Why you should care
Because there’s more than one Bourbon that matters.
Vanished Without a Trace: Our take on some of history’s enduring mysteries.
This begins, and ends, with a heart. In 1795 Dr. Philippe-Jean Pelletan, performing an autopsy on a 10-year-old boy, noted that the child had died of conditions related to tuberculosis. He then removed the heart, preserving and mummifying it, and the boy’s body was thrown into a mass grave. The muscular organ was all that was left of Louis-Charles Capet, the eldest son of France’s dethroned king.
The 1790s were not kind to the Bourbons, the French royal family. Louis XVI, Capet’s father, was embattled by revolutionary mobs and later by revolutionary governments, beginning in 1789. After an escape attempt in 1791, he and his family were put under house arrest in a Parisian palace; the king was stripped of his title a year later and put on trial. He was found guilty in 1793 and executed by guillotine, where crowds gathered to dip their handkerchiefs in his blood to boost their luck or simply collect a morbid souvenir. Ten months later, Louis’ widow, Marie Antoinette, lost her head too.
Many a blue-eyed, fair-haired adventurer suddenly found an overwhelming need to unburden himself and admit to his blue-blooded descent.
Deborah Cadbury in The Lost King of France
Louis Capet was never meant to be king. But when his older brother died of tuberculosis a few weeks before the revolution, Louis-Charles became the heir, or dauphin, of the French court, and the presumptive King Louis XVII when his father died. Louis Capet and his older sister — ineligible to rule according to France’s law because she was female — were taken away from their mother before her execution. Marie-Therese went to the care of an older relative, ultimately surviving the revolutionary period known as the Reign of Terror. But Louis Capet was locked up, reportedly beaten and kept in solitude for extended periods. Official reports say he died on June 8, 1795. His heart was put in a jar by Pelletan, but the heart soon disappeared from the doctor’s desk.
Rumors persisted about Louis Capet’s fate. Before Napoleon engineered a coup and seized power in 1799, “people were saying, ‘It doesn’t necessarily have to be the Bourbons who come back as long as we’ve got someone in charge,’” says William Doyle, emeritus professor of history at the University of Bristol. Political instability, and the power vacuum created by the death of some of the more powerful revolutionaries, left some nostalgic for the monarchy.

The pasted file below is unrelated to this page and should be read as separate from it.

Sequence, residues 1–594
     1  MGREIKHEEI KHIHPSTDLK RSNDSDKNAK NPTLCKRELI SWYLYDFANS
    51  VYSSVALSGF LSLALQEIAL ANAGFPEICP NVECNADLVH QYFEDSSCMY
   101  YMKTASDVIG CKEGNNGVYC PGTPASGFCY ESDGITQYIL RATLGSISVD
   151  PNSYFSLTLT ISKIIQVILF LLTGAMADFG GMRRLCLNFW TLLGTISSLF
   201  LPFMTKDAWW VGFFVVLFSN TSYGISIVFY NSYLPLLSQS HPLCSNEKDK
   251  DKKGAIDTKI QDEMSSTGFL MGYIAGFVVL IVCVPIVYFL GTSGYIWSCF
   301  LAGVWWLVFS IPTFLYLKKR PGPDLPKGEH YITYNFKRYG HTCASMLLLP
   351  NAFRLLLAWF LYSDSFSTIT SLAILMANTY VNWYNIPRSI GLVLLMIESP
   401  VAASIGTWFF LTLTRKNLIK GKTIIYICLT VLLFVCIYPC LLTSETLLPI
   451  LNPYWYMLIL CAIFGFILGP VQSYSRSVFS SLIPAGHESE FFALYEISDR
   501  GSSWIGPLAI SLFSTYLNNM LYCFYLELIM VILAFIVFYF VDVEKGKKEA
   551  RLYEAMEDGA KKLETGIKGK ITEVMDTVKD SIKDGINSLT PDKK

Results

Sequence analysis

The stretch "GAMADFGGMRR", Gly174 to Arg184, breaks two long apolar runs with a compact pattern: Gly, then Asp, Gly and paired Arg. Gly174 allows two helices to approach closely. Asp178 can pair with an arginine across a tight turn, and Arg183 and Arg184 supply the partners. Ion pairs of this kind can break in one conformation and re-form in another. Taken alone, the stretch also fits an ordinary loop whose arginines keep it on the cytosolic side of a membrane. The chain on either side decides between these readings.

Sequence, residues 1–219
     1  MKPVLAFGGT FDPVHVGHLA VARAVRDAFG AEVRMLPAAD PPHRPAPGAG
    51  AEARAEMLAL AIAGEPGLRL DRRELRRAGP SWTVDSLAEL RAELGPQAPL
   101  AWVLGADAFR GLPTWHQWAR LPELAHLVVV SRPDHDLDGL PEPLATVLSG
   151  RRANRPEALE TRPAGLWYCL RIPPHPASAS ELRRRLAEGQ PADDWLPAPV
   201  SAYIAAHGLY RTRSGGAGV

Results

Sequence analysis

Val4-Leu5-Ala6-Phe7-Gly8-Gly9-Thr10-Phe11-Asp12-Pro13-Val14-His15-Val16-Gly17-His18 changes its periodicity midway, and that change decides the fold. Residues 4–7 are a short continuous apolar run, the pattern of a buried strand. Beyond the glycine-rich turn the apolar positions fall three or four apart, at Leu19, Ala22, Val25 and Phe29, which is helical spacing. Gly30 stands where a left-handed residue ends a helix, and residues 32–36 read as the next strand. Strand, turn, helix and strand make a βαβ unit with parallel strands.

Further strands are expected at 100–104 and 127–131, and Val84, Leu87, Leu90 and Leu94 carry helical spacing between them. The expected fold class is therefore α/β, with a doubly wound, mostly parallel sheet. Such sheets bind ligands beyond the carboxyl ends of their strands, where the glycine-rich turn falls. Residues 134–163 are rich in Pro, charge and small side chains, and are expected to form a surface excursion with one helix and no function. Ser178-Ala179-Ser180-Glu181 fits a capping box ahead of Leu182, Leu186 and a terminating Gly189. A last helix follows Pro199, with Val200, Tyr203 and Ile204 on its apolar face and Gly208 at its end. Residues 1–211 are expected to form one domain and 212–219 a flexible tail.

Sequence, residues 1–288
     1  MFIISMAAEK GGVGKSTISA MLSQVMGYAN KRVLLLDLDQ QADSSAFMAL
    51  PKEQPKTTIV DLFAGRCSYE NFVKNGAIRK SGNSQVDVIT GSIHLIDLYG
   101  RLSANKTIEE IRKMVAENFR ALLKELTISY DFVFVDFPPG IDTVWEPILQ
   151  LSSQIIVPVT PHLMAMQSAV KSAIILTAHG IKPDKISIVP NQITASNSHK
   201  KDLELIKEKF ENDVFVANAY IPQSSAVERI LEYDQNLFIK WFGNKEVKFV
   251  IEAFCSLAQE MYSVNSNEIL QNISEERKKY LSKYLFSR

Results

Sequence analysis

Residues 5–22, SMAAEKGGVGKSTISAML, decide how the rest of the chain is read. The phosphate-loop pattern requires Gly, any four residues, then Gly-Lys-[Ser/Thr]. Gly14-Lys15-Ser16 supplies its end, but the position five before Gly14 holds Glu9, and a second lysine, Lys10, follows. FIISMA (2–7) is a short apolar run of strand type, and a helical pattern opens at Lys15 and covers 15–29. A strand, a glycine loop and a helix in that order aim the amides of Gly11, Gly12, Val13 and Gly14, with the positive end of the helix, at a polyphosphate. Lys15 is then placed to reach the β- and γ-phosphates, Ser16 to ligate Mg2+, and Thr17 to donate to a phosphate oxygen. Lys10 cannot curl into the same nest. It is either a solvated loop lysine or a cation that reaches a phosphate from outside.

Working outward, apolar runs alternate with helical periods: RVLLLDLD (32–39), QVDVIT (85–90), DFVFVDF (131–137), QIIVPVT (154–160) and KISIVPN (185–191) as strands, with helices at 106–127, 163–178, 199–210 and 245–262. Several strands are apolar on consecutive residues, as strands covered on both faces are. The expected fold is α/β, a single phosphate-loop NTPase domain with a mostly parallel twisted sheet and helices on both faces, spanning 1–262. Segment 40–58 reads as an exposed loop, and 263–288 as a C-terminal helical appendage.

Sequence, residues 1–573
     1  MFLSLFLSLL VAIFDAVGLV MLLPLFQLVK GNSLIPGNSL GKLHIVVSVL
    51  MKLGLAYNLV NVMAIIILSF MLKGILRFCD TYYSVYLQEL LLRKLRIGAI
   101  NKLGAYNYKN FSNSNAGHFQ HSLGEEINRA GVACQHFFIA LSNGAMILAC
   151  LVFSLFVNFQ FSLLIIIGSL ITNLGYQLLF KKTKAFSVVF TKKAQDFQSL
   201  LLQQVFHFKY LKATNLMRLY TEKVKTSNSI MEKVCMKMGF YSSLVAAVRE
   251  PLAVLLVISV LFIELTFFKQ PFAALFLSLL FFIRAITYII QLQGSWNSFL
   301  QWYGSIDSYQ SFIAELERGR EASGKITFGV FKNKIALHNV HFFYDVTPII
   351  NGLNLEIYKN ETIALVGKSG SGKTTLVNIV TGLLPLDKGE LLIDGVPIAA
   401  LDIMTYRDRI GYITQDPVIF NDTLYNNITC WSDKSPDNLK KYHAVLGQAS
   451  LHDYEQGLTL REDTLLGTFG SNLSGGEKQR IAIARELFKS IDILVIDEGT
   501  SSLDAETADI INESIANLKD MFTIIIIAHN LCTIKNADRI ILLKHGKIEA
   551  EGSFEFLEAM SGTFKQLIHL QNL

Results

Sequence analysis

Just a few years later, a convict named Jean-Marie Hervagault won support by claiming to be the lost son of Louis XVI, with a complex story about escaping just a few days before Louis Capet reportedly died. After him, Mathurin Bruneau, the son of a cobbler, claimed to be the dauphin in a (failed) bid to get out of prison. “Many a blue-eyed, fair-haired adventurer suddenly found an overwhelming need to unburden himself and admit to his blue-blooded descent,” writes Deborah Cadbury in her book The Lost King of France. Eleazer Williams, half Native American, claimed he was the rightful king — but that he would abdicate for a hefty settlement. None of these aspiring royals gained much traction because they weren’t very convincing, and because France had inaugurated Louis XVIII, Louis XVI’s younger brother, who was in no mood to give up his throne to a long-lost nephew.
By 1824, however, Louis XVIII was ill, and a new pretender started getting attention: Baron de Richemont. By the late 1820s, he was bombarding the public and aristocracy with appeals to recognize his claims of having been smuggled out of prison before Louis Capet’s alleged death and hidden away for his own safety. He penned his own memoirs, and when he died in 1853, his death certificate and tombstone identified him as Louis-Charles of France. Another, named Karl Naundorff, died in 1845, leaving behind a family who wholeheartedly believed his claim to the throne (a contingent still believes Naundorff was the rightful king) and a tombstone reading: “Here lies Louis XVII, King of France and Navarre.” But after World War II, his body was exhumed and examined by scientists, who concluded that he wasn’t the rightful heir — much to the chagrin of his loyalists, who say the evidence was flawed.
In the end, the heart was key. It had disappeared when one of Pelletan’s students pilfered it. But it was returned years later, and Pelletan donated it to the archbishop of Paris. The heart spent the war in Madrid and returned to France in 1975. DNA results in 2000 made it official: The heart belonged to Marie Antoinette’s son. Four years later, it was re-interred at Saint-Denis and finally consigned to history, alongside the rest of France’s royal family.